Back in the 1960s, when I started working in broadcast engineering, a fair amount of attention was paid to the “quality” of work at radio stations.
Quality work was usually done by a full-time engineer at “his” radio station, before the era of the contract engineer. Wires were laced together into bundles. That was before cable ties. Documentation showed where every wire went.
Not all stations were like that. Neatness demonstrated pride, or lack of it, on the part of the person doing the work.
Today I see a mix of bad and good.
NOT JUST SLOPPY
|Fig. 1: Thumbs down on illegal wiring.
Photos by Mark Persons
On the bad side, I often find low-voltage wires and cables tied to electrical cables and electrical conduits. The National Electrical Code prohibits low-voltage wires from using power cables or conduits for support.
The thumbs-down example in Fig. 1 shows a 120 VAC electrical cord mixed with low-voltage wiring on an electrical conduit. That is a double no-no! Always keep low-voltage wiring separate from other wiring. A short could develop between cables, putting dangerous 120 VAC on low-voltage wires. The short could come from a lightning strike or accidental abuse.
The National Electrical Code also says you will not lay cable on a suspended ceiling. Firemen need to be able to “blow out” ceiling panels with water to get at a fire above. Cables resting on ceiling tiles may prevent that. You could be involved in a lawsuit.
On the good side, I see computer and audio cables run in an organized fashion with nice, rounded 90-degree corners and no odd-angle shortcuts in most new installations.
I preach and personally like to see a facility maintained and updated to the standards on which it was built.
Minnesota and a few other states require licensing of low-voltage technicians, which includes broadcast engineers. I became a Power Limited Technician and my company was an official electrical contractor. That happened after Minnesota state law was changed to require it; see an article I wrote for Radio World on April 11, 2001 (www.mwpersons.com/articles/3-12-01-licensing.html).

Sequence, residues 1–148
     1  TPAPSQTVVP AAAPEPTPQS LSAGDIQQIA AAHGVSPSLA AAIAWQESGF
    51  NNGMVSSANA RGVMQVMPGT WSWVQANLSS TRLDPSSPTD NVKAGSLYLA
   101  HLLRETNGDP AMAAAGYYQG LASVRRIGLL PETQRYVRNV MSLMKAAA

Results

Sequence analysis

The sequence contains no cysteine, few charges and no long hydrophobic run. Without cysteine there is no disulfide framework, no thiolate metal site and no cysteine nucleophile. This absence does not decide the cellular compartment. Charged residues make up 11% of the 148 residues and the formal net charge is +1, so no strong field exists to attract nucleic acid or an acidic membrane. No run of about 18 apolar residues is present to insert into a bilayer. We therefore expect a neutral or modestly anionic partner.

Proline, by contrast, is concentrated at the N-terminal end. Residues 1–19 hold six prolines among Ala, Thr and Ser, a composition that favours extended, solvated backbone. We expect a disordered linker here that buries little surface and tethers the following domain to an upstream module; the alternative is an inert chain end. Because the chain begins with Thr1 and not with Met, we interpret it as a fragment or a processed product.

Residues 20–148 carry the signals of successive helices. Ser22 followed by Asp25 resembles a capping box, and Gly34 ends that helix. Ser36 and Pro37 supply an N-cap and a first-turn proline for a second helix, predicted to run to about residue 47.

Licensing of that kind is likely coming to a state near you. I mention this because anyone with an electrical license is expected to know and comply with wiring codes. There isn’t much room for sloppy work when an electrical inspector visits for another reason and then inspects low voltage cables too.
|Fig. 2: Use a good marking pen to label everything.
Try to identify everything (Fig. 2). My labels include strips from a Brother brand label maker, writing on Pan-Ty Marker Ties from Panduit, and just plain writing on cables with a liquid pen. Most pens work fine, but their markings fade with time. Pilot brand SCA-UF Ultra Fine Point Pen markings last many years. Cut cable ties off flush so they don’t scratch or break your skin when working around them in the future.
Take pride in what you do.
One of the things my clients noticed and complimented me on is how clean I left a site. Yes, a broom and dust pan were part of the tool set in my service van. Work was always done on a “time and material” basis, so the client wound up paying for the cleaning, whether he knew it or not.
It is difficult to keep a transmitter site clean if mice get in. Some engineers set traps or ingenious high-frequency sound devices in an attempt to drive mice away. The best answer is a bit more difficult. It involves keeping mice out so they can’t get in to mess things up.